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Herbert Marcuse

Herbert Marcuse
Reason & Revolution
Part II, The Rise of Social Theory

INTRODUCTION
From Philosophy to Social Theory

THE transition from philosophy to the domain of state and society had been an
intrinsic part of Hegel’s system. His basic philosophic ideas had fulfilled
themselves in the specific historical form that state and society had assumed,
and the latter became central to a new theoretical interest. Philosophy had in
this way devolved upon social theory. To understand the impact of Hegel’s
philosophy on subsequent social theory, we must deviate from the usual
explanation.
The traditional account of the post-history of Hegelian philosophy begins by
pointing to the fact that the Hegelian school after Hegel’s death split into a
right and a left wing. The right wing, consisting of Michelet, Göschel, Johann
Eduard Erdmann, Gabler, and Rosenkranz, to name only the most
representative thinkers of this group, took up and elaborated the conservative
trends in the Hegelian system, particularly in the Logic, Metaphysic and the
Philosophies of Right and of Religion. The left wing, made up of David
Friedrich Strauss, Edgar and Bruno Bauer, Feuerbach, and Ciszkowski, among
others, developed the critical tendencies in Hegel, beginning this with a
historical interpretation of religion. This latter group came into greater and
greater social and political conflict with the Restoration and ended either in out-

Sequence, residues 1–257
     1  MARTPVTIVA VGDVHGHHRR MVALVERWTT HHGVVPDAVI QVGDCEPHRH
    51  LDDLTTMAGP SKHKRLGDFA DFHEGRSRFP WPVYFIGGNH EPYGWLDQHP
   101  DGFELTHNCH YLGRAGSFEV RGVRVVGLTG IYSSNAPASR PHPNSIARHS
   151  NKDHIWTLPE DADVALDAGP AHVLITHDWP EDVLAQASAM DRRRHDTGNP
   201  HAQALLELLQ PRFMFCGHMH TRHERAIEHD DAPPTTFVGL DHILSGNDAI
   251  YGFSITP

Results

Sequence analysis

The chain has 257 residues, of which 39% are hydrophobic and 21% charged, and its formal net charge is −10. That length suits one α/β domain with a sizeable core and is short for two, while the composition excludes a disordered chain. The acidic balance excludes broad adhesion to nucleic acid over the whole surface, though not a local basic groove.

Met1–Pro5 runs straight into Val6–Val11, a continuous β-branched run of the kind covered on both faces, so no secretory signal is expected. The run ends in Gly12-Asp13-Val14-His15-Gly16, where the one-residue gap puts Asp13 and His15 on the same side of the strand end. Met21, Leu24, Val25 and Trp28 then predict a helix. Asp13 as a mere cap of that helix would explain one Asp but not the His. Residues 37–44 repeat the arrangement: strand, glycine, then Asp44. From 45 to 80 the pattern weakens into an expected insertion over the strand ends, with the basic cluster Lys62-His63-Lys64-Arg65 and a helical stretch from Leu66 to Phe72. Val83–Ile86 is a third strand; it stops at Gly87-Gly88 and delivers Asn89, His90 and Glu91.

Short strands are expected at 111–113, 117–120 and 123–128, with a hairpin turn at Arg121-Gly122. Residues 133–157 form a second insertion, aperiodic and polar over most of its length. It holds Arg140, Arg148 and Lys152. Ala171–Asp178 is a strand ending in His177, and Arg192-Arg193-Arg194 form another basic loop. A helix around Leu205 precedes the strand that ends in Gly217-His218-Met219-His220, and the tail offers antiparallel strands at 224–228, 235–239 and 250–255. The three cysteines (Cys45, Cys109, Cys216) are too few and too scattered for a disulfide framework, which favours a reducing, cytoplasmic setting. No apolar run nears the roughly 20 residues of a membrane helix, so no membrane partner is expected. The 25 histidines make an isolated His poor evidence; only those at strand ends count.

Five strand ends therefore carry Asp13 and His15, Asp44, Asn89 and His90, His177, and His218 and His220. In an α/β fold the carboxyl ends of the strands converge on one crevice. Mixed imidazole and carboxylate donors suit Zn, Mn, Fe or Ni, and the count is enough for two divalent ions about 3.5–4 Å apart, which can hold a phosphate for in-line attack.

and-out socialism and anarchism, or in a liberalism of the petty-bourgeois
stamp.
By the middle of the nineteenth century, the influence of Hegelianism was
almost dead. It got its rebirth in the last decades of the century in British

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Hegelianism (Green, Bradley, Bosanquet) and, later still, gained a new political
impetus in Italy, where the interpretation of Hegel was used as a preparation
for Fascism.
In a totally different form, the Hegelian dialectic also became an integral part
of Marxian theory and its Leninist interpretation. Apart from these main lines,
certain of Hegel’s concepts found employment in sociology (in Lorenz von
Stein’s work, for example), in jurisprudence (the historical school; Lasalle) and
in the field of history (Droysen, Ranke).
Such an account as this, though formally accurate, is a little too schematic, and
obliterates certain important distinctions. The historical heritage of Hegel’s
philosophy, for instance, did not pass to the ‘Hegelians’ (neither of the right
nor of the left)-they were not the ones who kept alive the true content of this
philosophy. The critical tendencies of the Hegelian philosophy, rather, were